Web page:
‘Only about 40 of the 90 or more tyre recycling plants in Europe remained open during Covid-19 pandemic,’ says end-of-life tyres specialist Fazilet Cinaralp. She shared her outlook for recycled rubber in a recent webinar organised by the Bureau of International Recycling (BIR).
Cinaralp, secretary general of the European Tyre and Rubber Manufacturers’ Association (ETRMA), said the industry had seen collection rates slashed by up to 80% although the situation was now ‘easing’. ‘But we’ve seen a big loss in production volumes. It doesn’t help that the automotive industry has had a hard time.’
Normally, around 42% of the 12 million tonnes of end-of-life tyres (ELTs) are recycled. ‘Sadly, extremely low prices for virgin materials is making it difficult to run a profitable business,’ Cinaralp noted. ‘Tyre recyclers in our network carried out a survey and say they’ve experienced a drop of almost 90% in terms of turnover.’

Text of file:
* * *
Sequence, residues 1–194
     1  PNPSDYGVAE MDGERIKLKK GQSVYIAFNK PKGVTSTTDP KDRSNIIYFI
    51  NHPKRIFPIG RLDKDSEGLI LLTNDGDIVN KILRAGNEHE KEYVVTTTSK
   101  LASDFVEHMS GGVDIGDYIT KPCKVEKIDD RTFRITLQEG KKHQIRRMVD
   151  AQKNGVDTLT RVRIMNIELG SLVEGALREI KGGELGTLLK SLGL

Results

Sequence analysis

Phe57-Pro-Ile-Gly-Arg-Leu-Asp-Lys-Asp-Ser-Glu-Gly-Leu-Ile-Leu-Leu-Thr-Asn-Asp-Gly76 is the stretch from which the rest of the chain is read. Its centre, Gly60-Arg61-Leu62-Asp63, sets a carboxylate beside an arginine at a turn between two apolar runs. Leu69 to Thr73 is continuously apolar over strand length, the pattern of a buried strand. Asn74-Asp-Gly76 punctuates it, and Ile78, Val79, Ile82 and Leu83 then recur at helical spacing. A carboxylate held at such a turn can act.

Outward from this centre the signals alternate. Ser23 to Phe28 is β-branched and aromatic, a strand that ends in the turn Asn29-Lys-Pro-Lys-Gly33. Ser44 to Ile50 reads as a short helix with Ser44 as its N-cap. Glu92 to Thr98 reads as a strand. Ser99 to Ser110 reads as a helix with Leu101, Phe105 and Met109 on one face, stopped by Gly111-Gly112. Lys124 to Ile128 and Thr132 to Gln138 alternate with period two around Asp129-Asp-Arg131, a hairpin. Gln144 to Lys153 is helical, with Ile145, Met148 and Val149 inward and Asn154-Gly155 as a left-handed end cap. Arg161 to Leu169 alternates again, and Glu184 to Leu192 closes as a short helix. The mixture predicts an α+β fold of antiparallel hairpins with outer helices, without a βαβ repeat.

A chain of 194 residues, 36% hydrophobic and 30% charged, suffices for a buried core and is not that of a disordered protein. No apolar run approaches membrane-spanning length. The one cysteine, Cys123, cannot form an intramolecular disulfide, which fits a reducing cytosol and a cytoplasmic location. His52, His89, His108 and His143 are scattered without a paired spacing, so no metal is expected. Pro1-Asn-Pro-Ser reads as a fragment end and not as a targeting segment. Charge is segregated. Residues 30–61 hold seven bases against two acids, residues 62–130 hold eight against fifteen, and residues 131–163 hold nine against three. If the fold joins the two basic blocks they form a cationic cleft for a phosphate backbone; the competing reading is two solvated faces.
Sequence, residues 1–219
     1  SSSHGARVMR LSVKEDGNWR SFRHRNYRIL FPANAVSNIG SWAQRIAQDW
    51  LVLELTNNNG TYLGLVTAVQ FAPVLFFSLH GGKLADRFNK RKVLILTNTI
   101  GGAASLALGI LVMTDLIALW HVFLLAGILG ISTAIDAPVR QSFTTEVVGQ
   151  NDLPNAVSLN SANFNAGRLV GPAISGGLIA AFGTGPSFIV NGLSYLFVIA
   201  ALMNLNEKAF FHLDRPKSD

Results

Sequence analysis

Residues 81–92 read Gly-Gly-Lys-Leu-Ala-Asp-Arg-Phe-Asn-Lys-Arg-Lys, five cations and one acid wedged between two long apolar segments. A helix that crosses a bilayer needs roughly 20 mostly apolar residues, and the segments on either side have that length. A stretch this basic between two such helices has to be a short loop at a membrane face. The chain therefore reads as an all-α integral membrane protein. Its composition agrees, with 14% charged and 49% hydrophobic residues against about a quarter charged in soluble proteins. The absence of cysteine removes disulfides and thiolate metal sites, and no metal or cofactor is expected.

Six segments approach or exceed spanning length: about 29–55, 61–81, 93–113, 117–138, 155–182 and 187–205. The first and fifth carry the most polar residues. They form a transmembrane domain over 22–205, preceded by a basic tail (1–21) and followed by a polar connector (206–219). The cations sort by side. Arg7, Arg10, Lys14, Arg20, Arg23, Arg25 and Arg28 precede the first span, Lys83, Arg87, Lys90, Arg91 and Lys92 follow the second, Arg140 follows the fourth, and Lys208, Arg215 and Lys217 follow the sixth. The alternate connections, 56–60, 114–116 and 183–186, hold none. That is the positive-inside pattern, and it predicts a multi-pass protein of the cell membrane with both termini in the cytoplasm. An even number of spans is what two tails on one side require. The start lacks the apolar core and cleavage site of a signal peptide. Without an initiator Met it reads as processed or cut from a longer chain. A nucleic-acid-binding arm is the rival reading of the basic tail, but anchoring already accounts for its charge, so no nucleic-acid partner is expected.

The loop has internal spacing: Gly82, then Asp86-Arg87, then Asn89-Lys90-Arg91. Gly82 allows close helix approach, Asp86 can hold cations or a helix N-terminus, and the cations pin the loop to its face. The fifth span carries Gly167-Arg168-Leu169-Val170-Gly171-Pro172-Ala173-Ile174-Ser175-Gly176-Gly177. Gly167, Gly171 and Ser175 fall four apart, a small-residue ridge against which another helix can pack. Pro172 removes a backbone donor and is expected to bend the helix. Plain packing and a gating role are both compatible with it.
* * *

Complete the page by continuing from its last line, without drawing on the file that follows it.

She expects the tyre recycling sector to return to healthy performance levels by 2022. ‘We have taken a few steps backwards, that’s the way to see it. It will take a while to get momentum back.’
Meanwhile, there is a heated debate about polymeric granules used as infill material, with people debating whether or not they should be banned. ‘We know rubber is a wonderful material with great elasticity and durability properties. Yet lobbyists have a systematic view, damning all polymers sparked by fears over micro-beads and plastic waste.’
Cinaralp suggests risk management measures could be an answer. ‘The infill market is hugely important to rubber recyclers. About 80% goes into this application. It would be catastrophic if we lost this market.’
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